renewable resources have been
degraded.
• In 1968, Biologist Garrett Hardin called such
degradation Tragedy of the Commons.
• Threatens our ability to ensure the long-term
economic and environmental sustainability of
open-access resources such as clean air or open
ocean fisheries.
 Solutions
• Reduce use and/or regulate access
• Private ownership.
 Nonrenewable
resources
• Energy resources
(e.g., coal and oil)
• Metallic mineral
resources (e.g., ores of
Cu and Al)
• Nonmetallic mineral
resources (e.g., salt
and sand)
 Reuse
 Recycle
Figure 1-8 Reuse: This child and his
family in Katmandu, Nepal, collect
beer bottles and sell them for cash.
Figure 1-9 Consumption of natural resources: On the left, subsistence farmers
in the Himalaya Mountains between China and India. Their use of resources
is devoted to mostly to meeting their basic needs. On the right, a Pearland
Texas family, typical of affluent nations. Their use of resources is way beyond
their basic needs.
 Ecological
footprint concept – amount of
biologically productive land and water
needed to supply the people of a country or
area w/ resources and to absorb and
recycle wastes and pollution produced by
such resource use.
• Biological capacity – the ability of an area to
replenish its resources and absorb the resulting
waste products and pollution.
• Ecological deficit – when ecological footprint is
larger than biological capacity.
• Relative ecological footprints
 Leading
goods
consumer of various foods and
• Wheat, rice, and meat
• Coal, fertilizers, steel, and cement
 Second
largest consumer of oil
 Two-thirds of the most polluted cities are
in China
 Projections, by 2020
• Largest consumer and producer of cars
• World’s leading economy in terms of GDP PPP
 Projection
for China under by 2033 under
current trends.
• Population reaches 1.5 billion
• Require 2/3 of world’s current grain harvest
• 2x current world’s paper consumption
• Consume more that the current global
production of oil.
 According
to environmental policy
expert Lester Brown
• The western model the fossil fuel-based,
automobile-centered, throwaway economy is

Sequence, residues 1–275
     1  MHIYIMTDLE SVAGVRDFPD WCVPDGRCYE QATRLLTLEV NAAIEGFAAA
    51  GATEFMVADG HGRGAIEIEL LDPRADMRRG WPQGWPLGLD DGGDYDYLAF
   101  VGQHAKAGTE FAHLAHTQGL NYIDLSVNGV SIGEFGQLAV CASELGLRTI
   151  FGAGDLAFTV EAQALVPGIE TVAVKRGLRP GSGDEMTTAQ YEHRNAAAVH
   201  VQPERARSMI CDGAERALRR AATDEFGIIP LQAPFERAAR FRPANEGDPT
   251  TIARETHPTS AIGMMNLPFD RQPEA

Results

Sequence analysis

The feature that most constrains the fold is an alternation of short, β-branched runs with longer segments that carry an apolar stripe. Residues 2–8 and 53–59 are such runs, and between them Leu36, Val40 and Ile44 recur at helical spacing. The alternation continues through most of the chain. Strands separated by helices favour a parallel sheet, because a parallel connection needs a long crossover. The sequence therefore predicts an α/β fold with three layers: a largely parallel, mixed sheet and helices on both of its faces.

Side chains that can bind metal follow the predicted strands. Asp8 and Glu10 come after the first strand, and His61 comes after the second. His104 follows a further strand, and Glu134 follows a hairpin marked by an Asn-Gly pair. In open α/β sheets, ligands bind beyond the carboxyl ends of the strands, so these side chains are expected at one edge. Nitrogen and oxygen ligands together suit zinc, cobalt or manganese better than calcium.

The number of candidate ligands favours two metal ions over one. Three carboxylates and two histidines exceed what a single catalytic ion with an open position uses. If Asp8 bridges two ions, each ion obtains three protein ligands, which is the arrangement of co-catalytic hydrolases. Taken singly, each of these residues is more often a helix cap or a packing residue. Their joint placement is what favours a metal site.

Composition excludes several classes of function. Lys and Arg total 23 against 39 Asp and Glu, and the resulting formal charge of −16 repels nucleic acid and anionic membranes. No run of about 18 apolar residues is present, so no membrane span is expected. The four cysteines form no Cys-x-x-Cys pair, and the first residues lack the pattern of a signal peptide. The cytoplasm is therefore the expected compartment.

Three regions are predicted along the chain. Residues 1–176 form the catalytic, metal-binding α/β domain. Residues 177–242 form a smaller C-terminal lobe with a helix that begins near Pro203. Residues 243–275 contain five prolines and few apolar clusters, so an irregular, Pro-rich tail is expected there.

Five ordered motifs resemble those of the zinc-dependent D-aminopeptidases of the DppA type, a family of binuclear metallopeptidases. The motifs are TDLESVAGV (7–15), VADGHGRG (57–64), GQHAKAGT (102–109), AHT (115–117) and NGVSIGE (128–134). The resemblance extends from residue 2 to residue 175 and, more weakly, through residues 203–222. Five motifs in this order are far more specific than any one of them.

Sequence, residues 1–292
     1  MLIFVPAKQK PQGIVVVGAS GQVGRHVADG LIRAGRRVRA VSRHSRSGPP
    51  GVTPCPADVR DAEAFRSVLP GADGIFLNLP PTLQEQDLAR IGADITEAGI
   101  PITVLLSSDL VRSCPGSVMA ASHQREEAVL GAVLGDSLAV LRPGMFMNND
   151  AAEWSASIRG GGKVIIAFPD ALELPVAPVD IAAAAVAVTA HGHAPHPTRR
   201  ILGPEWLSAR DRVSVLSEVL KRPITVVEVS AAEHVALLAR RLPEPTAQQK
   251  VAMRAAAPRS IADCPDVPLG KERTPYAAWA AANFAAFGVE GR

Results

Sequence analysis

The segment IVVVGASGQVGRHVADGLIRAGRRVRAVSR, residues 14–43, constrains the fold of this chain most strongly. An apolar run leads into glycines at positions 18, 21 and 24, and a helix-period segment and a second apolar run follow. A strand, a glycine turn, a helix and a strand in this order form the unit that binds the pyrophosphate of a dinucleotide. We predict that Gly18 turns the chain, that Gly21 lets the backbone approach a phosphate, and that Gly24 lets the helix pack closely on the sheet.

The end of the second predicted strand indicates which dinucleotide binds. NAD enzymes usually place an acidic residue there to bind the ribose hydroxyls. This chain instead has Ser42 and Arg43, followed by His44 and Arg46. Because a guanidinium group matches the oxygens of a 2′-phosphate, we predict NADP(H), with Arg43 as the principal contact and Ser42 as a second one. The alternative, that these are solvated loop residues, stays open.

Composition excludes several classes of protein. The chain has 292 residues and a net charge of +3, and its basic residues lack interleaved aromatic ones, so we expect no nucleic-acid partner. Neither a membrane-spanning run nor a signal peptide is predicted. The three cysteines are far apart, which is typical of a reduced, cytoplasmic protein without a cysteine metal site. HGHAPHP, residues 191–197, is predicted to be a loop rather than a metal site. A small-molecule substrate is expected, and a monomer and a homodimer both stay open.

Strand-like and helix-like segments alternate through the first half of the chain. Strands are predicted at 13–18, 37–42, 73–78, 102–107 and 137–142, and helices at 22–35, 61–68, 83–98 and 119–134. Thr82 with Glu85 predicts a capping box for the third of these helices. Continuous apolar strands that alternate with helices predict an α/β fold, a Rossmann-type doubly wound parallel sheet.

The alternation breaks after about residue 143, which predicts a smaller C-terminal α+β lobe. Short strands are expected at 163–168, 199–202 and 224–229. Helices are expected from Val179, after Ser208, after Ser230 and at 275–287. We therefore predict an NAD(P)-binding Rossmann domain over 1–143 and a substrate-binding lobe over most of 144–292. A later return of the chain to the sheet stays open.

not going to work for China. Nor will it work for
India, which by 2033 is projected to have a
population even larger than China’s, or for the
other 3 billion people in developing countries
who are also dreaming the “American dream.”
 Culture
– the whole of society’s
knowledge, beliefs, technology, and
practices.
• Cultural changes have had profound effects on
the earth.
• Present form of our species, Homo sapiens
sapiens, has walked the earth for 95-195
thousand years, a mere blink in the 3.6 billion
year planetary life history.
 12,000
years ago: hunters and gatherers
 Three major cultural events
• Agricultural revolution (10 to 12 tya)
• Industrial-medical revolution (275 ya)
• Information-globalization revolution (50 ya)
 These changes were associated with
greater energy use, greater resource use,
more pollution and environmental
degradation.
 Environmental scientist call for an
environmental, or sustainability,
revolution
 Concept
1-4 Preventing pollution is
more effective and less costly than
cleaning up pollution.
 Pollution
– anything in the environment
that is harmful to the health, survival, or
activities of humans or other organisms.
• Can enter naturally or through human activities.
 Sources of pollution
• Point (e.g., smokestack)
• Nonpoint (e.g., pesticides blown into the air)
 Two main types
• Biodegradable (e.g., human sewage and paper)
• Nondegradable (e.g., Pb, Hg, and As)
 Three
types of unwanted effects of
pollution
• Disrupt or degrade life-support systems
• Damage wildlife, human health, and property
• Create nuisances: noise, unpleasant smell, taste
and sight.
 Two
ways to deal with pollution
• Pollution cleanup (output pollution control)
 Cleaning up or diluting
 Problems with this option:
 Temporary bandage for exponentially increasing
consumption
 Removes pollution in one area only to put it elsewhere
 Once dispersed in the environment, costs too much or
impossible to reduce to safer levels.
• Pollution prevention (input pollution control)
 Eliminates or reduces


Concept 1-5A Major causes of environmental
problems are population growth, wasteful and
unsustainable resource use, poverty, exclusion of
environmental costs of resource use from the
market prices of goods and services, and
attempts to manage nature with insufficient
knowledge.
Concept 1-5B People with different
environmental worldviews often disagree about
the seriousness of environmental problems and
what we should do about them
 What
are some major environmental
problems cause by pushing resources
through the global economies?
 Five
basic causes for environmental
problems:
Population growth
Wasteful and unsustainable resource use
Poverty
Failure to include the harmful environmental costs of
goods and services in their market prices
• Insufficient knowledge of how nature works
•
•
•
•
 Poverty
– when people are unable to
meet their basic needs for adequate
food, water, shelter, health, and
education.
• ½ world’s population are desperate for short-
term survival depleting and degrading forests,
soil, grasslands, fisheries, and wildlife at an
increasing rate.
• Difficult to worry about long-term environmental
quality and sustainability.
 Population growth affected
• More children for security  higher growth rate
• Poverty increase degradation of environment,